The smart money in the 2017 F1 pre-season was on another year of Mercedes dominance. But, after 57 laps of Albert Park, it was Ferrari’s Sebastian Vettel who stood on the winner’s podium, having pulled out a post-pitstop lead the Mercedes team couldn’t touch.
While Sunday’s race is unlikely to be representative of the season as a whole – Albert Park is an unusual track, and often throws up unpredictable results – what the Australian Grand Prix has shown is that more than one team will rack up race wins this year.
Ferrari pulled off a strategic blinder, timing eventual winner Vettel’s pitstop with metronomic precision, returning their driver to the track ahead of Lewis Hamilton, who had struggled behind the Red Bull of Max Verstappen after his own stop. Those short laps in traffic cost Hamilton the win; once the pitstop phase had finished the British driver was seven seconds behind Vettel on track, out of reach of victory.
Sunday’s grand prix was one of attrition, and one-third of the field retired. Of the 20 race starters, only 13 saw the chequered flag thanks to accidents and technical difficulties – and it is those technical troubles that promise to keep the 2017 season interesting.
Despite having spent the preseason talking up their potential, on Sunday Red Bull showed that the combination of an underpowered engine and a subpar chassis was going to make fighting for titles rather more challenging than hoped. The Renault power unit may be 0.5s per lap slower than its rivals, but the rest of Red Bull’s qualifying deficit can only be attributed to the car itself.
Daniel Ricciardo had a nightmare run, as is traditional for Australian drivers at the Australian Grand Prix, while the highly-rated Max Verstappen struggled for pace, seconds off his personal target of fastest lap of the race.
Valtteri Bottas’ Sunday performance showed that Mercedes were right to back the Finn to replace reigning champion Nico Rosberg. Bottas was far closer to Hamilton than anyone expected in qualifying and on race pace; had Mercedes better managed their pitstop strategy the Silver Arrows would have seen one of their drivers claim victory.
Looking ahead it is clear that – during the early flyaway races – the fight to watch is between Mercedes and Ferrari. Red Bull should get into the mix eventually, but it is unlikely to be before the summer return to Europe sees the development race kick up a gear.
It is in the mid-field that the battle looks closest, with Scuderia Toro Rosso and Sahara Force India both looking solid. Worthy of special mention is relative newcomer Esteban Ocon, who pulled off a banzai overtake on the struggling McLaren of Fernando Alonso, earning himself a points finish in the process.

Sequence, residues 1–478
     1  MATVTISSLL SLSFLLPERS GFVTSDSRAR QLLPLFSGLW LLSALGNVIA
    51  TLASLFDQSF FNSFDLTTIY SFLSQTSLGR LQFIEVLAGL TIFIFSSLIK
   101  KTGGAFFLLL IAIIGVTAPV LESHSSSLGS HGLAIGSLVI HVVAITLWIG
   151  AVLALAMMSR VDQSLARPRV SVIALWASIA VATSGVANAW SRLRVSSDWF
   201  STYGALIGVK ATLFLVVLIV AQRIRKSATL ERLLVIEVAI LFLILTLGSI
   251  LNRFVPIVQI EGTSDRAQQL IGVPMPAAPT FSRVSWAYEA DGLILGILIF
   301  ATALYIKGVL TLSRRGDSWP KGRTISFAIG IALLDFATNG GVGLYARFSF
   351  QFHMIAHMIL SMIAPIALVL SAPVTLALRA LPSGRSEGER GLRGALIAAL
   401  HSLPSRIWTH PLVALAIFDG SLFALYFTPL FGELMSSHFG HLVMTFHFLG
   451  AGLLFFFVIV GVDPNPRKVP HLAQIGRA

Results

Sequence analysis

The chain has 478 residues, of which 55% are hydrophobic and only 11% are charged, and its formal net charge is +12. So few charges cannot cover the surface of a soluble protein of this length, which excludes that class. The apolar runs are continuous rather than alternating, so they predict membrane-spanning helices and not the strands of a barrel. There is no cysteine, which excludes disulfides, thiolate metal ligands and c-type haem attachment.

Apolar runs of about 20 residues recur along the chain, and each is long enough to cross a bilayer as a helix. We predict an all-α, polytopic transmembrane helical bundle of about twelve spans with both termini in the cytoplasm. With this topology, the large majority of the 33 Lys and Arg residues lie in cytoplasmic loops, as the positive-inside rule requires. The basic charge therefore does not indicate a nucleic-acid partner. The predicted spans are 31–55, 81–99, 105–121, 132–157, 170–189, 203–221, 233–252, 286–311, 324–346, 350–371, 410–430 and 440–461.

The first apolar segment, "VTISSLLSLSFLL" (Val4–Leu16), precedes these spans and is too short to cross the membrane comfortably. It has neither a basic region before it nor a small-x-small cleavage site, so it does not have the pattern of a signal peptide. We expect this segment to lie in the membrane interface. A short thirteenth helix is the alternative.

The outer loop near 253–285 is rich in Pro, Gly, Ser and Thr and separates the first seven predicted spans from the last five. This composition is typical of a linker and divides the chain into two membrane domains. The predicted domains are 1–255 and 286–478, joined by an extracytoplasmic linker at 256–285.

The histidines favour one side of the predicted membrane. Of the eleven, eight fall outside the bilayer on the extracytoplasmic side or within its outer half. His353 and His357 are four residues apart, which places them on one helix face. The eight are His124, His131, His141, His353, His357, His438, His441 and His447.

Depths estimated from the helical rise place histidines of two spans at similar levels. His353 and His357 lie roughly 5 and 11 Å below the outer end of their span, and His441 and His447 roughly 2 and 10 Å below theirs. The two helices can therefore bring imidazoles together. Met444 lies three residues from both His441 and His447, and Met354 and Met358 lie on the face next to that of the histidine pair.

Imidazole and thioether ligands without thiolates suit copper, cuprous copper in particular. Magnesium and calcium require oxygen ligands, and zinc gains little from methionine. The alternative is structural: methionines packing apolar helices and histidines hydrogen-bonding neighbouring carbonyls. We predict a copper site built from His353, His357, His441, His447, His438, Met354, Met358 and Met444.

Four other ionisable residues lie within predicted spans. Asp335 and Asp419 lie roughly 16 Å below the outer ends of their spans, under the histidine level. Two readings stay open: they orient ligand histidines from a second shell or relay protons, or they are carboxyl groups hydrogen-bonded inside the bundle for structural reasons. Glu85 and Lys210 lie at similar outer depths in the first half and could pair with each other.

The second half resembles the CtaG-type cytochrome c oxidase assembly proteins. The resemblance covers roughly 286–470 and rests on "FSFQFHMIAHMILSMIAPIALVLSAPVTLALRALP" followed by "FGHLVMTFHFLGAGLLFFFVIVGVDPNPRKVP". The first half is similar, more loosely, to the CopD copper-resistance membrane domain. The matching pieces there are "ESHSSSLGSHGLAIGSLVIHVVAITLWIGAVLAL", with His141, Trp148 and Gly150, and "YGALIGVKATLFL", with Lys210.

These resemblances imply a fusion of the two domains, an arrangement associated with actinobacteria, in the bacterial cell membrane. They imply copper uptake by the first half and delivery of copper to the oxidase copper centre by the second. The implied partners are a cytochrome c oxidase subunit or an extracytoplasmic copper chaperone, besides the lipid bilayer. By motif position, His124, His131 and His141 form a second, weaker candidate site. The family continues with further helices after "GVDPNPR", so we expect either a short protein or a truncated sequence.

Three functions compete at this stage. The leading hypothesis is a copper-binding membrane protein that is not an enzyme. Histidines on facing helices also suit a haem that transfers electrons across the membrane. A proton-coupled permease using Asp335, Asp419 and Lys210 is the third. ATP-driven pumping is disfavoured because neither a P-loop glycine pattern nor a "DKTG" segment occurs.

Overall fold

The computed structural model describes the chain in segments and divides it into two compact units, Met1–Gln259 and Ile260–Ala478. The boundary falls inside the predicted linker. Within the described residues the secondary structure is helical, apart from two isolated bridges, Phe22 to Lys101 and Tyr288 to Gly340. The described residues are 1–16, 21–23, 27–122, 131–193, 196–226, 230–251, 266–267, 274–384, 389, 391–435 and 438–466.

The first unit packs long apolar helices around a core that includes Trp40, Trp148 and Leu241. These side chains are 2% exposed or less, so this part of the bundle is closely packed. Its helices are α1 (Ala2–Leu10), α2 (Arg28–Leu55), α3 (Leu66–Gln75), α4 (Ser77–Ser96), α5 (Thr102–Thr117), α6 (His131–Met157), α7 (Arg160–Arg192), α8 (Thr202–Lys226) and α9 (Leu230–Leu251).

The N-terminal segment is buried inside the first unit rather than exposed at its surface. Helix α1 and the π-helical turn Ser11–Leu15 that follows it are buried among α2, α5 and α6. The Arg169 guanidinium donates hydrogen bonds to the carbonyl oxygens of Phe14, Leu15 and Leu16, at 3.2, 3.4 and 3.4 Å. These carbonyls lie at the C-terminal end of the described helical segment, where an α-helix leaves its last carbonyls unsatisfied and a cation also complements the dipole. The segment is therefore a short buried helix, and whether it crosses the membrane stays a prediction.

McLaren look set for another annus horribilis. Melbourne’s shock was that Alonso’s car was running in the points before retiring on lap 48 with handling issues. Rookie teammate Stoffel Vandoorne was the slowest of the finishers, lapped twice. There is little chance of a turnaround for the team this season – getting two cars to the finish on a regular basis will be an achievement.
Another team to experience a nightmare weekend was American outfit Haas. The car has pace, as was clear from Saturday’s qualifying session, but with two retirements on Sunday there is still work to be done. Romain Grosjean’s car smoked itself to retirement, while Kevin Magnussen was sidelined by a rumoured suspension issue. Reliability counts, and the Haas has a long way to go before it’s bulletproof.
For Williams it was a race of two halves, foreshadowing the season of two halves the Grove racers are anticipating. Erratic rookie Lance Stroll made his name in winter testing as the natural heir to the crash-tastic Pastor Maldonado, and on Sunday the Canadian teenager retired after running off track.
In the other car Williams have the reliable but uninspiring Felipe Massa. The Brazilian racer was ‘best of the rest’ behind the Ferraris, the Mercedes, and the Red Bull of Max Verstappen, and best of the rest is a fair summary of Williams’ chances this year. With only one driver expected to score points regularly the privateer team are certain to slip down the constructors’ standings: budget and resources state they should be on par with STR and SFI, but with only one car in the points glory is impossible.
And as for Sauber, the other privateer team, one could be forgiven for asking whether they were in the race at all. The Swiss racers are barely in the championship.